Your divorce is a major life event. Depending on your circumstances, when that final divorce decree comes through, you may have many different emotions. You may be thrilled that the long process is over and you're finally free to move on. You may also be sad that your dream to live happily ever after with your ex didn't pan out. You may be angry for a number of reasons. Maybe the divorce process didn't go your way or perhaps you are angry with yourself for letting a good relationship go south; maybe you are still angry at your ex for cheating on you. You may even be afraid of your new life alone and the prospect of asking women out (and you thought you were done with that when you got married!). Finally, you may be ashamed that you are now a divorced man.
Below are tips to navigate the post-divorce turbulent waters. You can find confidence and new love.
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1. How Ready Are You?
The biggest mistake that men make after divorce is jumping into the dating scene too quickly. This is a time for you to get in touch with your feelings; admittedly something we men generally don't do well. This is a time to heal and regroup, to look within to heal your battle wounds from the divorce. The worst thing you can do is quickly get into a rebound relationship. From a practical viewpoint, women want to have fun with you. But if all you can talk about is how angry you are at your ex or how sad you are that your relationship is over, you won't be fun to be around. Most importantly, you don't want to make the same mistakes from your marriage in your next relationship.
Find support for your healing process. Join a men's group, go to therapy or talk to friends who are willing to lend an ear. Just make sure you give yourself the time to get in touch with and resolve your anger, grief, and shame. It is typical to feel like the anger or sadness have subsided, and then to have them resurface again. Don't worry! Although you feel like you have slipped backwards, you really have made progress.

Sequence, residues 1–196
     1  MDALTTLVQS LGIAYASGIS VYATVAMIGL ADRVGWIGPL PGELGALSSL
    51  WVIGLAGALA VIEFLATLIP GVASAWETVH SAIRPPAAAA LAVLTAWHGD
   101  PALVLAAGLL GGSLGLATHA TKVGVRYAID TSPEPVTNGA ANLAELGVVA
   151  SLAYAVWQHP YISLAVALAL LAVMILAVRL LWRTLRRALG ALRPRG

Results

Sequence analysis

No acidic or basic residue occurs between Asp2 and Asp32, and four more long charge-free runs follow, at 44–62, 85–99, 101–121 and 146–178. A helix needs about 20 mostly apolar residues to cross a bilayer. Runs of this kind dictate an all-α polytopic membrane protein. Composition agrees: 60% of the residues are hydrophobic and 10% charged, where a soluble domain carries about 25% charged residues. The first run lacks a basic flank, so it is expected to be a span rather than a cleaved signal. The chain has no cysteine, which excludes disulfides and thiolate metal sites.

Finally, this is the time for forgiveness. While a door has closed, a new one has opened. Work with a coach, counselor or clergyman on accepting what has happened and moving on. To do this, you must forgive yourself for whatever you feel you did wrong or could have done better. You will also be better off if you can forgive your ex. This doesn't condone her actions; rather it acknowledges that she is human and could have done better or done something different. Forgiveness is not about who was right or wrong, it's about you finding a space of healing and peace of mind. These are all great traits to bring into your next relationship.
2. Is Your Life Purpose And Life Vision Clear?
We men often need a purpose greater than a relationship to keep us happily moving forward. Since your divorce has upset the apple cart, this is an ideal time to think about your life purpose and your life vision. On the one hand, you may not be able to make major logistical changes since you may have alimony and child support to pay, along with partial custody of your children.
On the other hand, you are back on your own. You made be able to make small, tangible changes in your life. Get in touch with what you really want to do and how you want to live your life. Your life purpose is what really makes you get out of bed in the morning. Your life vision is what you want to have around you, and being confident in that is attractive to other people.
While you may not be able to make major life changes at this point in your life, you can still start moving in that direction. For example, you might start working on a new business plan or gain skills need in your new business or career. These small steps will invigorate you. You'll be excited about building that dream, and, as such, will be have exciting things to talk about with your new dates.
3. Have You Learned From Your Past Relationship Mistakes?
After my divorce, the last thing I wanted was to repeat my mistakes again in my next relationship. In any failed relationship, both people are responsible for its demise. It is very easy to blame the other person and attribute the failure to her and her actions. If, however, you do not look at yourself and your behavior and what part they played in the failure of the relationship, you are doomed to repeat those mistakes in your next relationship.
You must be brutally honest with yourself. Ask yourself "What did I do wrong, and where can I improve?" Are there skills that you need to develop or hone? For example, I recognized that I needed to learn to (1) listen better, (2) apologize when wrong and (3) validate my spouse's feelings. These are three great places to start.
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Examine all of your key relationships (including family) for the past 20 or 30 years to determine what patterns show up. Since you are the common element in all those relationships, you are likely to garner some enlightening information about yourself. (I know it is hard to believe, but some of the things your ex said about you could have been true). Be proactive: ask your family and friends to provide you with feedback about your behavior in relationships. It's difficult to look at ourselves and admit that we made mistakes or can improve in certain aspects of our life, but as President Garfield said: "The truth shall set you free but first it makes you miserable." Keep reading...
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